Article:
In a letter to NGOs, Marcos noted a tendency to seek, and “hear the mirror,” that is, listening to our counterparts: “artists to artists, feminists to feminists, anarchists to anarchists, alternative media to alternative media and so on. Histories that referred to different and even opposite realities aroused little interest. As if, even in the diversity that was convened, each one sought to shut themselves up in the place and way of their own struggle.
“The Sixth and the Other Campaign are also places for listening to what is different within the common - that which is opposed to the same system but with different ways and means. Because if an anti-capitalist movement does not aspire to transform everything, and not just the relationships between property and production, then there's no point, and it will only repeat ancient injustices, but now with a new alibi.

“If the transformation we are attempting does not include the radical transformation of gender relations between men and women, the generational ones between the "mature" and young people, those of coexistence between heterosexuals and 'everyone in their own way,' then that transformation will end up being just one more caricature among those which abound in the book of history. Someone once said that if we can't dance in this revolution, then it's not our revolution. I would have to add that if the relationships between the differences which abound in human beings do not change, then it is not our revolution.”
After the six preparatory meetings concluded, a large plenary session took place in La Garrucha over the weekend of September 16-18 to debate details and plans for launching the Other Campaign. More than 2,000 people attended. The Zapatistas showed up in La Garrucha with a star-studded cast of their best-known commanders. In addition to the “Sup,” comandantas Ramona, Susana and Esther attended and spoke. Comandantes Tacho, David and Zebedeo were also present, along with Lieutenant Coronel Moisés (aka Major Moisés). At the conclusion of the plenary, the dates and the route for launching the Other Campaign were made public, and the campaign was turned over to the participants, including the EZLN as one of the participants.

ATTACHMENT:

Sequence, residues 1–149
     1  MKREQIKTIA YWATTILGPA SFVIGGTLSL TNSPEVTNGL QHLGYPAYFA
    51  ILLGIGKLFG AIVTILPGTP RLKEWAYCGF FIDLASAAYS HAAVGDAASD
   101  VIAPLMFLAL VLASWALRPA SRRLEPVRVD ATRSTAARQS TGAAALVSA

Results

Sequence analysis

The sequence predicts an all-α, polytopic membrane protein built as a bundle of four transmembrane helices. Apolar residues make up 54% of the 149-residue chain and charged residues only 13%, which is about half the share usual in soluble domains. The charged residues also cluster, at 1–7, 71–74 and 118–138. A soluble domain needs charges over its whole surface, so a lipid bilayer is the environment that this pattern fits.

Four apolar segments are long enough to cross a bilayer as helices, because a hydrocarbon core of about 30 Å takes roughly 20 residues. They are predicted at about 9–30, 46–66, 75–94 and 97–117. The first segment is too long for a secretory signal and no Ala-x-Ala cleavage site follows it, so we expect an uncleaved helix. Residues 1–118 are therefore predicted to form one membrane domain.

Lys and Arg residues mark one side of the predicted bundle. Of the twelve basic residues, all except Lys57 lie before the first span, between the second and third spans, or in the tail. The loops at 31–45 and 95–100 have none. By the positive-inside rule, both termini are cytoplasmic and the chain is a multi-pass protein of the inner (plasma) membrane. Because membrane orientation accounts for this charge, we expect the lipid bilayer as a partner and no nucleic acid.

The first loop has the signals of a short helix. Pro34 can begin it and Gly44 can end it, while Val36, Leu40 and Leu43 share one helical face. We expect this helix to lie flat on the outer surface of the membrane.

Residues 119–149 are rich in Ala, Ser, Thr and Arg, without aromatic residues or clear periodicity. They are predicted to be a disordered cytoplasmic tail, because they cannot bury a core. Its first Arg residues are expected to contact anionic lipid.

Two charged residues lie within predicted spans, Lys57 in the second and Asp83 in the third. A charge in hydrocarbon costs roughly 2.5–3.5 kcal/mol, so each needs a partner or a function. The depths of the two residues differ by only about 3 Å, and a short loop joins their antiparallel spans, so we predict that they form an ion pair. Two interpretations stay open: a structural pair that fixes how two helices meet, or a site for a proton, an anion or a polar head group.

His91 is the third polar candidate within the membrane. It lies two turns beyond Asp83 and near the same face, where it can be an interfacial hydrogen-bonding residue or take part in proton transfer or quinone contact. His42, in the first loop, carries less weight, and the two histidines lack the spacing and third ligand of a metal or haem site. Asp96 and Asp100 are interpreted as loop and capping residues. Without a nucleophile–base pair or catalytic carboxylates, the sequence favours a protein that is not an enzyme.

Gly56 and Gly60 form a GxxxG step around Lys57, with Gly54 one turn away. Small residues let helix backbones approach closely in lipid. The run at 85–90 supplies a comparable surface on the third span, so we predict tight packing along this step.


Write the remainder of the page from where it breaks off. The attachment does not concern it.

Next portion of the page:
Subcomandante Marcos himself will open the campaign on January 1, 2006, in San Cristóbal de las Casas, Chiapas, and he will travel throughout Mexico for the next six months. Although the Other Campaign will last longer than six months, it was only the first six months that were revealed.

Now we know why the Zapatistas warned us during the Red Alert, which preceded the Sixth Declaration, that they were risking everything, even their lives, and had prepared a line of succession in case of assassination, incarceration, disappearance or kidnapping. The power struggle to succeed Vicente Fox as Mexico's next president is already in motion and may have a connection to the current violence among drug cartels. If the Zapatista delegates travel through Mexico criticizing the politicians vying for positions of power, it is reasonable to conclude that they may actually be risking their lives.

During the plenary, a few words were said about the international campaign. In response to a question, Marcos stated: “The Sixth has two parts, the national and the international. Just like in the national we called you and we are constructing together with you, in the international it is also going to be so.” He then provided another clue: “What we are going to do in October and November is to begin to join the ideas and proposals from all the collectives that want to participate.”

It is becoming increasingly apparent that the Sixth Declaration and the Other Campaign seek to construct a model for uniting an international anti-capitalist Left as an alternative to the neoliberal model of globalization.

The compañero in Emiliano Zapata was right. The Sixth Declaration and the Other Campaign are “really big.” If you as an individual or your organization would like to participate in the international part of the Other Campaign, please contact the Chiapas Support Committee by phone at (510) 654-9587 or by email at